May and June are months that have weighed heavily on me for the past 6 years now. These months serve as an insistent reminder that I no longer have a mother. First, there is Mother’s Day, followed by my mom’s May 18th birthday, and the anniversary of her death close on its heels. The dates themselves are important, thick with memory and morbid meaning, but it’s the months as a whole that are more shocking and sickening to the senses. They represent the time that I watched, powerless and petulant, as the claws of death, slowly but very surely, sunk deeper and deeper into the being of someone I loved unspeakably and needed desperately. No part of my mother was safe from this slow infestation; she was affected physically, mentally, emotionally, spiritually.
I think particularly of the night, the first time, that I realized my mom was going to die. You’d think it would have happened sooner, but in these situations we cling hungrily at senseless hope, and so I became aware of the truth probably only a week or a few days before she was gone. It must have been quite late at night because it was very dark. And I was laid out, screaming between sobs, giving ragged and nightmarish voice to all my horror, fear, anger, and helplessness. I wasn’t so much pouring these things out as they tumbled from me, escaping unbidden. Most of all, my heart aches for my father on that night, faced with the hellish and impossible task of comforting both his grief-possessed 18-year-old daughter and his dying wife as she wondered, to the best of her diminished ability, if “Hanny was alright”. I marvel endlessly at the strength and grace he possesses.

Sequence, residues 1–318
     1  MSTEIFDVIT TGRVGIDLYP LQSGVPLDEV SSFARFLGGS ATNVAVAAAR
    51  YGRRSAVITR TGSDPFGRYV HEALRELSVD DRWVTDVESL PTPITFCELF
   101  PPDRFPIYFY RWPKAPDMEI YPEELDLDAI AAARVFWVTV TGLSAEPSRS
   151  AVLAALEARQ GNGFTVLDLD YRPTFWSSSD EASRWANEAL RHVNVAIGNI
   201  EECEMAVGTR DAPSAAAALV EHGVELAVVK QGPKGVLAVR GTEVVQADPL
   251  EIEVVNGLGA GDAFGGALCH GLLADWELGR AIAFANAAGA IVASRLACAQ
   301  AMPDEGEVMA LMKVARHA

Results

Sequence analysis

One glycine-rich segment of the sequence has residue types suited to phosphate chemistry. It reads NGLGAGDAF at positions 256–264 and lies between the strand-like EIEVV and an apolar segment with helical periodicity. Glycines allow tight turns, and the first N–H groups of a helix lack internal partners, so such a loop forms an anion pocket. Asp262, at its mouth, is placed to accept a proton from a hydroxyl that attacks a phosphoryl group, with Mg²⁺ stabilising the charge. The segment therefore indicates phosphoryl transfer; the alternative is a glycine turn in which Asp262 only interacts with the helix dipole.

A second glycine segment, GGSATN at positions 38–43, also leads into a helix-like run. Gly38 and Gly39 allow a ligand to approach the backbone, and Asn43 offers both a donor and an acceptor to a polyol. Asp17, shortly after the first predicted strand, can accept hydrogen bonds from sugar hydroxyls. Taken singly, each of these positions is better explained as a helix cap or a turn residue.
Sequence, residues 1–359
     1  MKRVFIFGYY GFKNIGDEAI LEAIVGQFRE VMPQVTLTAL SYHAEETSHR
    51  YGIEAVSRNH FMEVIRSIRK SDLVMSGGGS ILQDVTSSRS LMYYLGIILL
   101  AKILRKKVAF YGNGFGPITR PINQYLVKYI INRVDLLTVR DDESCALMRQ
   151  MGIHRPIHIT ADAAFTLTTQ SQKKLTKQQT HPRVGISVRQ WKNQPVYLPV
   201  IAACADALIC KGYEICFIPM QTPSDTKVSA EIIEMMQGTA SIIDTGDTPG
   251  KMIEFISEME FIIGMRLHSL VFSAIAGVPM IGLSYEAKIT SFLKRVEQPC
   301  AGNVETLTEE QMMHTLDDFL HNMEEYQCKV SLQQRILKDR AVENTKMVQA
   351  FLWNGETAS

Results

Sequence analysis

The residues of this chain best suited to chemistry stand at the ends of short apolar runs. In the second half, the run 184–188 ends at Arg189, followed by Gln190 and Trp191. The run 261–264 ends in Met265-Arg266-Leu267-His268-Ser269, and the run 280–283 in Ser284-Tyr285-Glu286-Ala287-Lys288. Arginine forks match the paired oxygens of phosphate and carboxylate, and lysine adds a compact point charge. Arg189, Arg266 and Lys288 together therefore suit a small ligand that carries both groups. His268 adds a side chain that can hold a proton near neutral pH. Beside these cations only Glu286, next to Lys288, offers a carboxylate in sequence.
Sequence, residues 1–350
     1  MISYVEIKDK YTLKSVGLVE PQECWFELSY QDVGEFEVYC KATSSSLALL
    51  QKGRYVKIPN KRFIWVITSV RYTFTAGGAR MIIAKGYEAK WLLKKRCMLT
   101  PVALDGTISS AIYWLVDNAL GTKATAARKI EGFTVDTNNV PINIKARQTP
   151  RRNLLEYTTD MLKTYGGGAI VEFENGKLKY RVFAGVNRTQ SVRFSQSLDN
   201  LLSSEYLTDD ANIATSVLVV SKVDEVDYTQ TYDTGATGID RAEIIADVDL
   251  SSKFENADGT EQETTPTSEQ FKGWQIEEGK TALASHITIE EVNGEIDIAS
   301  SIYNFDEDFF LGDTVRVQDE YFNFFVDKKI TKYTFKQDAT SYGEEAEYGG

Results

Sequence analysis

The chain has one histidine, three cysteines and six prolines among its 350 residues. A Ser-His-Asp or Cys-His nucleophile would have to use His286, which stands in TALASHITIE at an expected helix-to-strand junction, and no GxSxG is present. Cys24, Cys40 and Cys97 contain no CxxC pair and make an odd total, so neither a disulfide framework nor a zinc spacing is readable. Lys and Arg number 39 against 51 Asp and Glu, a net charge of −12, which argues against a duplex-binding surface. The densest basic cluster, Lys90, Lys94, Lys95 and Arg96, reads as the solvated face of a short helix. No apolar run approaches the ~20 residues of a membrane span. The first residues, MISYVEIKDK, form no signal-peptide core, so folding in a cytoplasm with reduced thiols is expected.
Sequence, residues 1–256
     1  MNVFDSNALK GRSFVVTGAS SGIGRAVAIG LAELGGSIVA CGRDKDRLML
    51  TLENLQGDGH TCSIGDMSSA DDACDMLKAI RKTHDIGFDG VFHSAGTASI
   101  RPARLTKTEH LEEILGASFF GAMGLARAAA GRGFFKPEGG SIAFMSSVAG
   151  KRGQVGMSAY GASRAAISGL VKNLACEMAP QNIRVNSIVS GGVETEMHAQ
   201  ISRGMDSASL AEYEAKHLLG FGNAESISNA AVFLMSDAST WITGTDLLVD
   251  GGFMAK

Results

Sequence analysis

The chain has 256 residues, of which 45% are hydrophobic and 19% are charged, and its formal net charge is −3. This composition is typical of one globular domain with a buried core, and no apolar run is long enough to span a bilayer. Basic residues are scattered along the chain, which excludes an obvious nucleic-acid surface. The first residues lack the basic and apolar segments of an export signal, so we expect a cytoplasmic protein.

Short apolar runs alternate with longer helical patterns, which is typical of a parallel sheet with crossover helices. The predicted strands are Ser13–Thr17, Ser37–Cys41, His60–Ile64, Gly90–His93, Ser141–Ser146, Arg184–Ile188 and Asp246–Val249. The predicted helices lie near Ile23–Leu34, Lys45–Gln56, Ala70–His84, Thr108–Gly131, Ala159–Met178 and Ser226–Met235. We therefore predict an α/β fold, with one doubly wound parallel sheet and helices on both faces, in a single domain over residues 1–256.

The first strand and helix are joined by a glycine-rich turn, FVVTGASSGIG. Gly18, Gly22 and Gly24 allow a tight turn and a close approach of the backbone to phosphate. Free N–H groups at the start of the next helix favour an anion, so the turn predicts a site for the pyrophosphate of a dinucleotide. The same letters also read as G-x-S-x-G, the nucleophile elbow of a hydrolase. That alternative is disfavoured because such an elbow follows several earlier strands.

The years that have followed that night contain confusion, anger, and sadness too big to explore in this single piece. More daunting for me, perhaps, is the the reality that so much more is to come; mere days ago, I picked up a book entitled Motherless Daughters, only to discover that I could make my way through no more than 2 paragraphs before I had to tuck it away again, likely to remain there for years before I feel able to broach it once again.
From a rather detached sense, though, I find it fascinating and incredible what the human spirit is able to do, what each of us is capable of transcending and surmounting.
“To lose your mother, well, that is like losing the sun above you.” -Yann Martel